Marketing, whether online or onground, is the only activity that generates revenue for most small businesses, and the price element in the marketing mix accounts for that. PriceThe amount of money charged for a product or a service. It is the sum of all values that buyers exchange for the benefits of having or using a good or a service. can be defined very narrowly as the amount of money charged for a product or a service. However, price is really more than that. It is “the sum of all values (such as money, time, energy, and psychic cost) that buyers exchange for the benefits of having or using a good or service.”Judy Strauss and Raymond Frost, E-Marketing (Upper Saddle River, NJ: Pearson Prentice Hall, 2009), 233. Ultimately, the meaning of price will depend on the viewpoints of the buyer and the seller.Judy Strauss and Raymond Frost, E-Marketing (Upper Saddle River, NJ: Pearson Prentice Hall, 2009), 233.
Deciding on a price for its products or services is one of the most important decisions that a small business will make. The price of a product or a service must be a price that the company’s target market is willing to pay and a price that generates a profit for the company. If this is not the case, the business will not be around for long.“Pricing a Product or Service,” Small Business Notes, accessed June 1, 2012, http://www.smallbusinessnotes.com/marketing-your-business/pricing-a-product-or-service.html.
Choosing the right pricing strategy is not an easy thing to do because there are so many factors involved. For example, competition, suppliers, the availability of substitute products or services, the target market, the image and reputation of a business, cost and profit objectives, operating costs, government regulation, and differentiation and positioning decisions will all impact price. Pricing is a complex activity, often seen as an art rather than a science. For small businesses that are marketing or want to market online, pricing strategies are even more complicated. For example, online buyers have increasing power that leads to control over pricing in some instances (e.g., online bidding on eBay). There is also price transparencyWhere buyers and sellers can view and compare prices for products sold online. where buyers and sellers can easily and quickly view and compare prices for products sold online, and some companies use dynamic pricingPrices are varied for individual consumers. by varying prices for individual customers.Judy Strauss and Raymond Frost, E-Marketing (Upper Saddle River, NJ: Pearson Prentice Hall, 2009), 233.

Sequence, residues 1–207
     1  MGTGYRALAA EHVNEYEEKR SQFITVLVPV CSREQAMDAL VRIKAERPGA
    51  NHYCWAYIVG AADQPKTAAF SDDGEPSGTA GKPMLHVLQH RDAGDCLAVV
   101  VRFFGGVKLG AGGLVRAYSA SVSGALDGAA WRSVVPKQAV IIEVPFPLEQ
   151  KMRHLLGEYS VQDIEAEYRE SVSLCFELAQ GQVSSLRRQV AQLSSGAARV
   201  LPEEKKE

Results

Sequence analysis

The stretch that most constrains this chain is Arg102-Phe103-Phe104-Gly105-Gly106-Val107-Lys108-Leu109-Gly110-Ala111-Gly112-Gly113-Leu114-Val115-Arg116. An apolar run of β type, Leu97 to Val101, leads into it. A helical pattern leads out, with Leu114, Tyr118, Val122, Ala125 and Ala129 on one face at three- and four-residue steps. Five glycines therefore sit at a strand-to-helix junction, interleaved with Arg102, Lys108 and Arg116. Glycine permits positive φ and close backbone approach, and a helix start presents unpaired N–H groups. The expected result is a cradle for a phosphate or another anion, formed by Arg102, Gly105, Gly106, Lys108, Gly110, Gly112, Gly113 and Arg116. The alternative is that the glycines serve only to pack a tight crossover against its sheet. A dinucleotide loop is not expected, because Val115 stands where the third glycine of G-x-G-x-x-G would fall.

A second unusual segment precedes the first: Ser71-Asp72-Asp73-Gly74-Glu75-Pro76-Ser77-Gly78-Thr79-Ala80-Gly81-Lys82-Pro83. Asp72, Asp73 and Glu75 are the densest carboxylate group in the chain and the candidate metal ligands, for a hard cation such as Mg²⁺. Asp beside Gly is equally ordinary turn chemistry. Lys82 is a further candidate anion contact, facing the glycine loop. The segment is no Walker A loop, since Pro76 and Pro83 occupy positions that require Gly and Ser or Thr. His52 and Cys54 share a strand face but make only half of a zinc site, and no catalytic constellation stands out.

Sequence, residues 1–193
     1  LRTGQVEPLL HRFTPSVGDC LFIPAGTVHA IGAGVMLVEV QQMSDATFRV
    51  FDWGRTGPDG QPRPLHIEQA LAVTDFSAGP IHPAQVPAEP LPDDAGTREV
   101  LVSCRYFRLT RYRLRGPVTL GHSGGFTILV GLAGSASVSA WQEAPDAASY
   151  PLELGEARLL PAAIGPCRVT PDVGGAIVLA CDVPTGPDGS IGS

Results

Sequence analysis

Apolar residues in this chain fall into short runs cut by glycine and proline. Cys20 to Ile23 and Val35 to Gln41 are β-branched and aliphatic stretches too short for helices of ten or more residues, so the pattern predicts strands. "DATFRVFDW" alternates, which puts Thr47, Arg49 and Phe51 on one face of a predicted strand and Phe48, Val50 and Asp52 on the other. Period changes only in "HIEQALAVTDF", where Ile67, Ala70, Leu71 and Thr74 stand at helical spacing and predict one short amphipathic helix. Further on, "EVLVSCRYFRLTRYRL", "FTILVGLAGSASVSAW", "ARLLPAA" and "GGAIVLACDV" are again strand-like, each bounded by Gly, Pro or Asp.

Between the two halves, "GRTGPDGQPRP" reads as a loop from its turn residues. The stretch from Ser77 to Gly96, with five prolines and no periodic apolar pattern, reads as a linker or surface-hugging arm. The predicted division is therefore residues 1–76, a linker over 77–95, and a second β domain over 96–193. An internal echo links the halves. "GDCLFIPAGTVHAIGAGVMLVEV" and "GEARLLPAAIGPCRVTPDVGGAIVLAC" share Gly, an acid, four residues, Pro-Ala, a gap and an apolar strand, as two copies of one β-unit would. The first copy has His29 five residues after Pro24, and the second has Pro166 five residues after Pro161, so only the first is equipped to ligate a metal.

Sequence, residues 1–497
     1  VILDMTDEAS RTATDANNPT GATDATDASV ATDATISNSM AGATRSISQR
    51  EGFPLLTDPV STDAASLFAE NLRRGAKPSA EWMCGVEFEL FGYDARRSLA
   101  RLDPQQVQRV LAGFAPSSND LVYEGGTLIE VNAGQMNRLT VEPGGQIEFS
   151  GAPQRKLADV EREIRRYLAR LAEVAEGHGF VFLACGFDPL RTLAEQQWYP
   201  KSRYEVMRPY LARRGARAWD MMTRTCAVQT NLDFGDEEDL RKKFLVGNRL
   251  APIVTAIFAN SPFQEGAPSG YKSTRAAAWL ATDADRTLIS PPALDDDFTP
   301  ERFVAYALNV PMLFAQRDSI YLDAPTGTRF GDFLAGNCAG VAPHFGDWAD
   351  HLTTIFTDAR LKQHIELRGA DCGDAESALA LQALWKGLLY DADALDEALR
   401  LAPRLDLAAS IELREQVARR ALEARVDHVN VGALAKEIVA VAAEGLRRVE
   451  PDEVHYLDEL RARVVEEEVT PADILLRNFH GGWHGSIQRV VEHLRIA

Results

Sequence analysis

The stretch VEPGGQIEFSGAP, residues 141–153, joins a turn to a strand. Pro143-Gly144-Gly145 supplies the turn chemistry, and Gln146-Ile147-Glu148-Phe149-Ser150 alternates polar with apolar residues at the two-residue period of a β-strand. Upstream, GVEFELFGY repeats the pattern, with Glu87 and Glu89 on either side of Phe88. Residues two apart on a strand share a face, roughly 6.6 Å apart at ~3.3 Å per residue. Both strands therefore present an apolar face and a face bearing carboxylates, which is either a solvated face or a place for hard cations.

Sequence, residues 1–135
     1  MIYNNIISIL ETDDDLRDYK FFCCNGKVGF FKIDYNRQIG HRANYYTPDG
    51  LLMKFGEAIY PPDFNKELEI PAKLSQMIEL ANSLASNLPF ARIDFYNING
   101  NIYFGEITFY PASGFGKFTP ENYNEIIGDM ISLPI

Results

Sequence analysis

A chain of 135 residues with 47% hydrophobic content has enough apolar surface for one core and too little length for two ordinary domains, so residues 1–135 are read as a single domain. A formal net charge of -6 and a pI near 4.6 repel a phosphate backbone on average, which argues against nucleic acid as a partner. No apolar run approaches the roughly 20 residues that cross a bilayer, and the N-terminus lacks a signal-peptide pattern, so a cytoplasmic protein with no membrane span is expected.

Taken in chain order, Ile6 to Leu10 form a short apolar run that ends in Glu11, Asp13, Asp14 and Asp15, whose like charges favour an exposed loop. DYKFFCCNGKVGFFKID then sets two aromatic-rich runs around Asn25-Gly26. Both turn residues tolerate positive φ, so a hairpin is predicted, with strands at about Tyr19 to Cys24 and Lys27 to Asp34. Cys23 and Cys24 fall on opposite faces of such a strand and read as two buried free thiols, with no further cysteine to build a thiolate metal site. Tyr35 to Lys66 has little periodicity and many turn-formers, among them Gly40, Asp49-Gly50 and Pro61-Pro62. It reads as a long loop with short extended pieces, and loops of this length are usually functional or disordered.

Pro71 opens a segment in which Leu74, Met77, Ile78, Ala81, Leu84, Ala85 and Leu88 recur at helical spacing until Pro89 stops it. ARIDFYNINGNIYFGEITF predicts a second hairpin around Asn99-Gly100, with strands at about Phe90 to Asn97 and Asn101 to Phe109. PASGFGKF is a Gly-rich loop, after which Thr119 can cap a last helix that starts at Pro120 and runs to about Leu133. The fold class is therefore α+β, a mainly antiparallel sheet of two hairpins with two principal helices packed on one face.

There are several pricing strategies available to the small business owner. However, having the lowest price is not typically a strong position for small businesses because larger competitors can easily destroy any small business that is trying to compete on price alone.Darrell Zahorsky, “Pricing Strategies for Small Business,” About.com, accessed December 1, 2011, sbinformation.about.com/cs/bestpractices/a/aa112402a.htm. Think Walmart. The best choice for a small business will be the strategy that helps the business reach its sales and profit objectives, enhances the reputation of the company, satisfies the target market, and sends the correct price-quality signal. Price-quality signalingWhen the cost of a good or a service reflects the perceived quality of that product or service. occurs when the cost of a good or a service reflects the perceived quality of that product or service.Dana Griffin, “Pricing Strategy Theory,” Chron.com, accessed December 1, 2011, smallbusiness.chron.com/pricing-strategy-theory-1106.html. However, pricing objectives must be formulated before a pricing strategy can be selected.